Reviewed by Marcus Hammond
In the six short stories contained within Roland Allnach’s anthology Oddities & Entities the dark, violent shadows of life are illuminated. Each story skillfully delves into the lives of seemingly normal people to emphasize just how horrific life can be. By employing paranormal aspects, Allnach reaches into an appalling darkness, yet still ends up showing that hope is ever present.
A majority of the stories presented in this collection grab the reader from the very beginning and don’t let go until they reach a resolution. In “Gray” the main character Dave uncovers a strange plot that alters his way of life indefinitely. As a regular guy who is prone to getting speeding tickets Dave longs for change. On the advice of his mentally handicapped cousin, Peter, he decides to invest in an illegal radar jammer to tip the scales against the law. In a simple act of defiance, Dave tests his new radar jammer inside his house, which unknowingly releases a small, telepathic being from the confines of his brain. As Dave learns about the existence of Gray, he begins to form a new perspective on life. Unrestrained by the limitations Gray had placed on his life, Dave begins to take chances and enjoy life. He, however, never sees the pain and anger building within his handicapped cousin, Peter.
Throughout the story Allnach relates Dave’s struggles to understand both the presence and the impact of being freed from Gray’s symbiotic relationship in a way that is both supernatural and realistic. Allnach uses Dave’s gray invader as a metaphor for all the barriers we create in life that keep us from attaining our deepest desires. This mixture of paranormal and realism creates a very thought-provoking addition to the anthology.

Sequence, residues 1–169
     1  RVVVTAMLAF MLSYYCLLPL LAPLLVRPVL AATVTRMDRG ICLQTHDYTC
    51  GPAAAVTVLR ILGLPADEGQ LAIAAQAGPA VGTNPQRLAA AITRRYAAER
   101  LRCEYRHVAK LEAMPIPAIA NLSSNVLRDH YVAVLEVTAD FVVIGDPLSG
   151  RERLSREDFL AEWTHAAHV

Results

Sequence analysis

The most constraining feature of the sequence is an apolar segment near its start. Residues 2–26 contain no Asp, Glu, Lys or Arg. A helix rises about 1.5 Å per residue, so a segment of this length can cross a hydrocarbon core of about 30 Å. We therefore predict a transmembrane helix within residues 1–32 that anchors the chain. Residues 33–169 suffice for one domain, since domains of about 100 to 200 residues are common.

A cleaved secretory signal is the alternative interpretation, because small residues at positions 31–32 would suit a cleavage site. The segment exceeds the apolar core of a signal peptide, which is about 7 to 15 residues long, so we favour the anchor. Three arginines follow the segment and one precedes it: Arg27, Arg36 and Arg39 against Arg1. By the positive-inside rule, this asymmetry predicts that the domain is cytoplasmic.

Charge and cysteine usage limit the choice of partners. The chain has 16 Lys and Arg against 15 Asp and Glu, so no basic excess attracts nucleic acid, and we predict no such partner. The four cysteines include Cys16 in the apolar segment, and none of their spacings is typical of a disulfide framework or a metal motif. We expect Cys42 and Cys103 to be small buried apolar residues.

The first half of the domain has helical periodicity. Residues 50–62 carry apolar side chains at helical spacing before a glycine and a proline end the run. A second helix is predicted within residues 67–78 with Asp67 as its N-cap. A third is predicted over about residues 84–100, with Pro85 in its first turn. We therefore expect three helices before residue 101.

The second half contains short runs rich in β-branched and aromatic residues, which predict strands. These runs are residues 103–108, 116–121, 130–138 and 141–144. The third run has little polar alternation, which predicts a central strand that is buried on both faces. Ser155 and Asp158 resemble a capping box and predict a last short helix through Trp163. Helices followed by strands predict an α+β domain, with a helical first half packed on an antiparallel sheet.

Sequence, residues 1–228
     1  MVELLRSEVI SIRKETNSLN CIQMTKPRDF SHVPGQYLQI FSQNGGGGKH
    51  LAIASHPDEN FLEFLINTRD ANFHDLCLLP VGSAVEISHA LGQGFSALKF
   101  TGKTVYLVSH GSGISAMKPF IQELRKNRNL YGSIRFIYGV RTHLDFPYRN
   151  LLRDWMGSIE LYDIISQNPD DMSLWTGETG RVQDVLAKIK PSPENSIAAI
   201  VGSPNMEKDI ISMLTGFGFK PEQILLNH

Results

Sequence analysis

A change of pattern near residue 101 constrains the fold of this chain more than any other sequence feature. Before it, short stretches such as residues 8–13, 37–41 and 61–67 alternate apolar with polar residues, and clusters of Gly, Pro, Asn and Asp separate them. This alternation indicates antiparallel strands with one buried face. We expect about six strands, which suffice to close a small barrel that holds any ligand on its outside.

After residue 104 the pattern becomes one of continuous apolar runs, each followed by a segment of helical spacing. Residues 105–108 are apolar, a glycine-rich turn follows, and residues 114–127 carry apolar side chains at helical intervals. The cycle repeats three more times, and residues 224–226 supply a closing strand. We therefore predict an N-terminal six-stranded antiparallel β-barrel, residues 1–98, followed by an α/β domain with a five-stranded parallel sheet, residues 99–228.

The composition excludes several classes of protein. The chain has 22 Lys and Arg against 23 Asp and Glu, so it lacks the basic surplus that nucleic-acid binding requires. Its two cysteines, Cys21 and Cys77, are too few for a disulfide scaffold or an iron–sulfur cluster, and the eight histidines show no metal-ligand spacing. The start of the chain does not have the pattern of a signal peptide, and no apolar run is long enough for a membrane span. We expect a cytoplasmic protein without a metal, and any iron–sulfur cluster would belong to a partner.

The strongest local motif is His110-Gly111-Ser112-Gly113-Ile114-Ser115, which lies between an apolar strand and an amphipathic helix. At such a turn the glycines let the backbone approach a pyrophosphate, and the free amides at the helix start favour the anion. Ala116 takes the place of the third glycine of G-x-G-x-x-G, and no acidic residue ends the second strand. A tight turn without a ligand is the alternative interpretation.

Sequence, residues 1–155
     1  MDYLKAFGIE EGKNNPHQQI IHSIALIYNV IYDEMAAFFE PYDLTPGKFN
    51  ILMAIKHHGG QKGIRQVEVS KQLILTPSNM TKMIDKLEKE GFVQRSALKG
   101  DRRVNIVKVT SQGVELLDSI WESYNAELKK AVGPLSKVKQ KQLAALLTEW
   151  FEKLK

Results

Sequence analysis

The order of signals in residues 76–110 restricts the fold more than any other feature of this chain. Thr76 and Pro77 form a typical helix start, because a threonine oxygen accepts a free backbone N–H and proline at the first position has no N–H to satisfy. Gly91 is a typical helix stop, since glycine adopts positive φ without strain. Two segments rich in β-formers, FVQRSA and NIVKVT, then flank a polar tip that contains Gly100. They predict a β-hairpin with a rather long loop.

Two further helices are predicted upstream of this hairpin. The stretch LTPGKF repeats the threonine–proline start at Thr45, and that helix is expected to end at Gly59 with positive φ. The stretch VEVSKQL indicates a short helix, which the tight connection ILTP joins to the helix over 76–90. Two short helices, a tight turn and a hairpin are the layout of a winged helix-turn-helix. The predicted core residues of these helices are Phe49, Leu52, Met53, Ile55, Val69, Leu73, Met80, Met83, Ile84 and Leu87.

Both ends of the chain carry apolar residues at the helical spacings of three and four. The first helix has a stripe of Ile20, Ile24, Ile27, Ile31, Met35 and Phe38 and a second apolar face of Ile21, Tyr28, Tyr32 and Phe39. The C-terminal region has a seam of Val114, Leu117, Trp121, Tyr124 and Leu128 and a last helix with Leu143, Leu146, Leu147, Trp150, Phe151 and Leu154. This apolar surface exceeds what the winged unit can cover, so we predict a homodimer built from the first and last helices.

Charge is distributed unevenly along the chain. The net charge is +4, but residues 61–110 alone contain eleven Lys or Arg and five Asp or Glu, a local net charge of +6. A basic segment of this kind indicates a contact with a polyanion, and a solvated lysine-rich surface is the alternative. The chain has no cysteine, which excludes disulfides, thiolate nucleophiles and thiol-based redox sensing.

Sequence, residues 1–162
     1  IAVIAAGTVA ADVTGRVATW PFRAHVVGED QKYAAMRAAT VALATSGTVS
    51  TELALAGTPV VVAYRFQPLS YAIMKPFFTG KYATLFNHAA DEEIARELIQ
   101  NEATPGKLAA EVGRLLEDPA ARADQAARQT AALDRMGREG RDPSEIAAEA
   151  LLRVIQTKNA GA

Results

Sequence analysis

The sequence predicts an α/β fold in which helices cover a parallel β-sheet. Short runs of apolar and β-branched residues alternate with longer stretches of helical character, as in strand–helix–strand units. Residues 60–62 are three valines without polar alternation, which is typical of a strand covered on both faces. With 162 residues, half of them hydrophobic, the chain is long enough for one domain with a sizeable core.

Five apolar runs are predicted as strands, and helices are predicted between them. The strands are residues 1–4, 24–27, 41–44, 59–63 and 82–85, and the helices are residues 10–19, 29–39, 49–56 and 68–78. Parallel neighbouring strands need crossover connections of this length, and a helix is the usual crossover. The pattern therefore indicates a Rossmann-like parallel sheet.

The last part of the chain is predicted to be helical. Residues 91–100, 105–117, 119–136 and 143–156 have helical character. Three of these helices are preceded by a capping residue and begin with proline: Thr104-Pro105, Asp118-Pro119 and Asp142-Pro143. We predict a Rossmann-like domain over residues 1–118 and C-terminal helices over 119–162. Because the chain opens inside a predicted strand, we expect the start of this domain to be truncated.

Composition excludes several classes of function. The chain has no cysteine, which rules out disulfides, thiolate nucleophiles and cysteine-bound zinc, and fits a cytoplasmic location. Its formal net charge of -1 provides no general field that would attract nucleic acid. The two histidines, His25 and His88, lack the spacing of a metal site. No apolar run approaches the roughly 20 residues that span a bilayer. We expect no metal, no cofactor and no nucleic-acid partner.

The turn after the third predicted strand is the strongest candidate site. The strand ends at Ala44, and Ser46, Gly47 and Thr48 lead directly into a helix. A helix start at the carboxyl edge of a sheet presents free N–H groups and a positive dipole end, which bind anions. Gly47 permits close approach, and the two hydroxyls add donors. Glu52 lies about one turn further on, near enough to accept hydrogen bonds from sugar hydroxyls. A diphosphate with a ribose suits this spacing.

While every story in this collection may not be thought provoking, “Elmer Phelps,” shows Allnach has a keen sense for originality. While vampires are arguably diluted choice for a paranormal character, Allnach brings a fresh view to the vampire canon. As small children Elmer and his sister, Cassandra, were bitten by a bat. This completely random event alters Elmer’s quiet, isolated life in dark, appalling ways that will have the reader’s stomach in knots. While this story is violent and dark, Allnach’s subtle use of the vampire tradition helps emphasize the mental turmoil Elmer faces as his world changes.
Each story in this collection is uniquely supernatural and grotesquely violent, however, Allnach proves time and time again that those aspects help emphasize the mental strength of each of his characters and accentuate the importance of hope in a dark situation. The violence and slow pacing of each story may dissuade some from this excellent collection, but those who do dive into the darkness will feel challenged, shocked, and ultimately reward by Allnach storytelling.
After obtaining a Masters in Liberal Arts and Literature Marcus has dedicated most of his time to teaching English Composition for a community college in the Midwest. In his down time, he spends time avidly reading an eclectic selection of books and doing freelance writing whenever he gets the chance. He lives in Kansas with his wife.
Review copy was provided free of any obligation by All Things That Matter Press. No monetary or any other form of compensation was received.